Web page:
How can mobile health connect their services to America’s nearly 78 million baby boomers?
Image credit debh2011
Think ‘technology’ and your grandmother probably isn’t the first person to come to mind. But as health services increasingly become available on our mobile devices, she may be just the person they had in mind. According to 2010 Social Security data, nearly one quarter of the American population falls into the boomer category; this group has a projected average lifespan of 88 years and have a unique set of needs–providing these individuals with access to a wide range of mobile health apps has never been more important. However, as this group is not known for being early adopters, how can these services best reach them?
A recent poll conducted by Mitchell Research and Communications revealed the power that doctors have in recommending apps for chronic and life threatening diseases. The 600 Baby-boomers surveyed said they are more willing to download a health and wellness app based on their doctor’s recommendation and were much less likely to download an app recommend by their family or friends.
Some of the findings from the study:
- 5% would download an app recommended by their friends
- 18% would download an app recommended by their family
- 60% would download an app recommended by their doctor
Patients with chronic or life threatening conditions were 70 percent more likely to download an app to track their medical issues, while only half of users would download an app looking for general information or weight loss help.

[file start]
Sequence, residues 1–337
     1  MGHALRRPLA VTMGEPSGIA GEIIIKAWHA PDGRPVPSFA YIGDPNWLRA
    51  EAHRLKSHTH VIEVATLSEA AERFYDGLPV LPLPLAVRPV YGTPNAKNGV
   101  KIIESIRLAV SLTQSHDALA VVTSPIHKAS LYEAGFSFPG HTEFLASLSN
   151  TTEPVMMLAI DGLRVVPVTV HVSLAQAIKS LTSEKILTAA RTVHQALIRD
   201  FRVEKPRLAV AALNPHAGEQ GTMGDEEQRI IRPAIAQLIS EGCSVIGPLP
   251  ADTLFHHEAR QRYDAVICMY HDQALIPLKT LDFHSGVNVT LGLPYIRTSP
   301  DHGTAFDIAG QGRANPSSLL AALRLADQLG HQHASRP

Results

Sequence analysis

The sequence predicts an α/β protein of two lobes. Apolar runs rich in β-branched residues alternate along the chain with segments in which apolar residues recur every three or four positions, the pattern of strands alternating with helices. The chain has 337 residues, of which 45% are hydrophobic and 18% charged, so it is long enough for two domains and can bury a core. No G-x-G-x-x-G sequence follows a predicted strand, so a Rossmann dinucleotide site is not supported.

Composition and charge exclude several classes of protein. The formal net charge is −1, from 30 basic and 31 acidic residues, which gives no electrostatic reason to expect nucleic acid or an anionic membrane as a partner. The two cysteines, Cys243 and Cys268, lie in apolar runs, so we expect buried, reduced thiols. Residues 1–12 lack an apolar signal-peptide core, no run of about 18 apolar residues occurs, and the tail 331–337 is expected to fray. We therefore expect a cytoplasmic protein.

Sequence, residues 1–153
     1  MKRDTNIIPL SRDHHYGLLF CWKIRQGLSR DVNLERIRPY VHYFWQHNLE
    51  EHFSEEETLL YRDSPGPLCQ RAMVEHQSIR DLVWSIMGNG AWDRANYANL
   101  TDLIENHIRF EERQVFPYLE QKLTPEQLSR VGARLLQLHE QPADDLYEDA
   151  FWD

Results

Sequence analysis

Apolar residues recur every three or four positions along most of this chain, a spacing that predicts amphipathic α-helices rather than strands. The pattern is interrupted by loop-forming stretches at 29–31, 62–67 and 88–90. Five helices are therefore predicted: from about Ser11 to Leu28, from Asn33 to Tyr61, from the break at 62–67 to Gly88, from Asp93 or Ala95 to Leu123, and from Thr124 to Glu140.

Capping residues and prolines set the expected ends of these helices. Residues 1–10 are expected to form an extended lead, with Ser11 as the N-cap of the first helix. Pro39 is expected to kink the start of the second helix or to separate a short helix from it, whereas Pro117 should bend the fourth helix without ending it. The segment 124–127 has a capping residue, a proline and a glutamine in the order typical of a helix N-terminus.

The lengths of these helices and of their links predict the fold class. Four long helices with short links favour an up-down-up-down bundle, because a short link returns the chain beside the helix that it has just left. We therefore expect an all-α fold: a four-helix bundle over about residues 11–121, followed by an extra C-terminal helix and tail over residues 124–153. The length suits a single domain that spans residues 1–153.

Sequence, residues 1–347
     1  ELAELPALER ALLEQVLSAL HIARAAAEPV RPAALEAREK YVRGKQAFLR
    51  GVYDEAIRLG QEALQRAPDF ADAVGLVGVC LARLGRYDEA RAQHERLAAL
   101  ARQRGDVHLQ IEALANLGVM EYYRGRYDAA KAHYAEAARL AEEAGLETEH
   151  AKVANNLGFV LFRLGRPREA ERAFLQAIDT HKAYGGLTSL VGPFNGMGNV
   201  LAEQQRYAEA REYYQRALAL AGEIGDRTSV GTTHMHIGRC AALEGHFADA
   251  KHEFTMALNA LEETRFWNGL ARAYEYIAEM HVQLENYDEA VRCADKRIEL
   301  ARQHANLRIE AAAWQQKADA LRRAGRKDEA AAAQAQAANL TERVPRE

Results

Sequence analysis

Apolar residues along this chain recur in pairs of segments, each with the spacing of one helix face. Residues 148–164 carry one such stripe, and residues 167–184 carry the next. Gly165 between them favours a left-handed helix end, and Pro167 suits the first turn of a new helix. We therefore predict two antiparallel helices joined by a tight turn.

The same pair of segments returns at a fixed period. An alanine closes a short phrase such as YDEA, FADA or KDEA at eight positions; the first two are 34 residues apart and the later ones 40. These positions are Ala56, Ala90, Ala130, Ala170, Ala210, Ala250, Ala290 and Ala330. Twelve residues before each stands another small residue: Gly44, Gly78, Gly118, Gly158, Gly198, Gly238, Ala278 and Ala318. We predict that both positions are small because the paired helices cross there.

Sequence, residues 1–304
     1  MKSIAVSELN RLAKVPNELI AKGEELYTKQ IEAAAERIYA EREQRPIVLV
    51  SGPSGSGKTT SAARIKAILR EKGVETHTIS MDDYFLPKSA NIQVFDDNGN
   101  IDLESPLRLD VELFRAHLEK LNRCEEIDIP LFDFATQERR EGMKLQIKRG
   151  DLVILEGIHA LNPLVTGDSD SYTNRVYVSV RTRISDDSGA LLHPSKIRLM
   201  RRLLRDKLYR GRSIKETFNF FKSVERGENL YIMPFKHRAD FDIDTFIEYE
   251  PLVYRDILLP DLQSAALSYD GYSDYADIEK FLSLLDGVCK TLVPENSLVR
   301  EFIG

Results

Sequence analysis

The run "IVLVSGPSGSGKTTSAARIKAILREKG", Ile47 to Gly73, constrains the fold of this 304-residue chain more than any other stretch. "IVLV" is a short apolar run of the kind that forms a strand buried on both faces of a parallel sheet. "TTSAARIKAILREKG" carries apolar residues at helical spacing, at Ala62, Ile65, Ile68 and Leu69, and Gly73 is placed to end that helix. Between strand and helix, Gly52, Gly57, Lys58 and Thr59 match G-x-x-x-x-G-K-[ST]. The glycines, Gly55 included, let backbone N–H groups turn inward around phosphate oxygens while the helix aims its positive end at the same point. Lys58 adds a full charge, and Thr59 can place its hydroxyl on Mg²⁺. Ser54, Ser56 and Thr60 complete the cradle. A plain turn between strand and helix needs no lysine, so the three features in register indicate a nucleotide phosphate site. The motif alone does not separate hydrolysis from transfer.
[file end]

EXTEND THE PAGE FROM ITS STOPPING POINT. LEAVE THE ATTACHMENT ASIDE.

Image credit David Nicholai
Mitchell says that 24 percent of the nation’s 78 million baby boomers own smartphones; their survey should help prove how influential doctors can be in helping patients adopt the use of mobile health apps to monitor their own health and thus improve their quality of life.
And while we here at PSFK might not be doctors per say, in light of this study we thought we’d take a look back at some of the most interesting health-related apps uncovered during our ongoing look into the health and wellness space. Whether helping to improve a person’s life in between doctor’s visits or enabling physicians to provide better care, the five apps below represent some of our recent favorites.
Zipongo: Giving users discounts and rewards for making healthy choices
Zipongo is a health planning technology and iPhone app that allows users to customize and manage their own personalized wellness plans.
Noom: Helping users lose weight without tracking every meal
Noom, a New York City-based maker of Android-based fitness and health apps, developed Weight Loss Coach, an app that does not require users to enter in every meal or track every physical activity.
JiffPad: A visual play-by-play of personal medical consulations
JiffPad is an iPad app that helps patients capture crucial information discussed during their medical visits by letting doctors share and capture information in a visual format, removing the barriers of communication.
DocBookMD: Letting on-call doctors communicate with patients ‘on-the-go’
The new app DocBookMD allows doctors to send and receive secure HIPAA-compliant patient information – X-Rays, lab results, or EKGs – directly from their iPhone or iPad, and get a response from another doctor-user in minutes.
BeImmunized: Digitized immunization records that help track vaccinations
The startup BeImmunized aims to digitize all immunization records, making this information instantly accessible to doctors, patients, healthcare workers, and schools.
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